Medicare adviser urges more than ‘lip service’ on future of program

As chairman of the influential Medicare Payment Advisory Commission (MedPAC), a federal panel tasked with recommending what the program should pay doctors, hospitals and other providers, Glenn Hackbarth is on the front lines of the complex policy issues facing the giant healthcare program. In the same capacity, he frequently is called to testify before Congress, which has provided him with a political perspective on Medicare.

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Q: When politicians debate Medicare and healthcare issues generally, what things do you think get overlooked?
A: The biggest thing right now is the long-term financial problems facing Medicare. It’s not overlooked; people pay lip service to it at times. But nobody is really addressing the issue in a substantive way. That’s a matter of growing concern to me, and the commission as a whole, because the longer you wait, the more difficult this problem is going to be to solve. We’re really concerned about the lack of attention given to that. Regrettably, there is a lot of discussion about a lot of different topics in healthcare. What’s missing is not the discussion; what’s missing too often is the action. Particularly with the presidential campaign now, as you know, healthcare is very prominent and a lot of important issues are on the table. It’ll be interesting to see whether we are prepared to actually do something. Difficult choices will be required and a lot of consensus building required.

Q: Politicians routinely use MedPAC’s recommendations for Medicare payment cuts as political cover for their own agendas or alternately ignore them completely. What do you do to maintain the integrity and independence of MedPAC’s work when everything connected to Medicare is so politicized?
A: At times, our recommendations are used that way but, you know, I don’t think that that is the norm. … We know that the political process has its own internal dynamics and respect those. ... One of the messages that I repeat over and over again with the commissioners is that, although commissioners are appointed because of their expertise — for example, because they run a hospital or they’re a physician in practice — our role as the commission is to set aside those interests at the door. Bring the expertise but set aside the interests and not represent any particular interest group as we formulate a recommendation. And I think commissioners do a remarkably good job of that, often voting against what is the interest of their particular part of the health sector. That, in turn, has given MedPAC a reputation for independence and candid advice to Congress.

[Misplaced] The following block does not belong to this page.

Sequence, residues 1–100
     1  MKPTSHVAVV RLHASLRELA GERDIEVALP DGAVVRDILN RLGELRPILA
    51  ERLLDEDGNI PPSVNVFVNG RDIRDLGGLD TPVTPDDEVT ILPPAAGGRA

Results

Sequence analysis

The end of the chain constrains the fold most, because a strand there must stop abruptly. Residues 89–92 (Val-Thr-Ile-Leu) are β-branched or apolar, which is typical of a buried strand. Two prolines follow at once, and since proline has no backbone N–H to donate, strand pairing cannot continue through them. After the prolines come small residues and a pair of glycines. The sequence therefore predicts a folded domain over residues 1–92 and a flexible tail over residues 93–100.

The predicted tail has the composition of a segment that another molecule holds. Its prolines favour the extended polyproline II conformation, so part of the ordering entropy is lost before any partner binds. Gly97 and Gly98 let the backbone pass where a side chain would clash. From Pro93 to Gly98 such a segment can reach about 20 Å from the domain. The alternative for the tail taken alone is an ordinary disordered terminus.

Q: MedPAC’s findings that Medicare Advantage costs more than traditional Medicare have been used as fodder by Democrats looking for budgetary offsets to finance other priorities. Are there things about what the commission said that you think have been lost in this debate?
A: What we want to be clear to all the parties [is] that, in fact, we strongly support the basic idea of Medicare Advantage, which is to offer beneficiaries the opportunity to enroll in private health plans. … Having said that, we do think that private plans ought to be offered on a level playing field. That is, that they ought to be paid the same amount as Medicare would have spent on behalf on the same beneficiaries. … The flaw that we see in Medicare Advantage is in the [payment] benchmarks that are set for the plans, and those benchmarks are not market-set prices. They are prices that were set by Congress as part of a political process. So when we criticize Medicare Advantage, we’re not criticizing the market and a competitive system; we’re criticizing a politically set series of benchmarks.

Q: Congress is working on a short-term fix to a scheduled 10 percent pay cut to doctors in Medicare but not developing a real solution to the flawed “sustainable growth rate” (SGR) payment formula at the root of the problem. MedPAC has made numerous recommendations about rectifying this. What do you think it will take to get to a resolution?
A: The barrier in the way, of course, is the budget baseline created by the SGR mechanism. That baseline is so low relative to current payments that it’s really a barrier to trying to do something sensible to reform physician payments. … Congress asked us to do a report on the SGR last year. The single most important message in the report that we sent back was: Look, there is no silver bullet for this. Given the budgetary hole created by the SGR, there is not a policy that’s going to hit that budget target, and thus have no incremental expenditures and be reasonable policy. It’s a null set.

Q: Healthcare industries that are financially dependent on Medicare anxiously await MedPAC’s annual payment update recommendations. How do lobbyists attempt to influence MedPAC commission members?
A: There’s a lot of interaction that occurs. The MedPAC staff regularly meets with representatives of the various provider sector organizations. I do as well, though on a much more limited basis. … In addition to that, all of the commissioners get a lot of mail from the various organizations. They send often quite lengthy letters and papers laying out their point of view on various issues. In some cases, at least, they will call individual members of the commission to present their point of view. There’s a lot of exchange that goes on behind the scenes.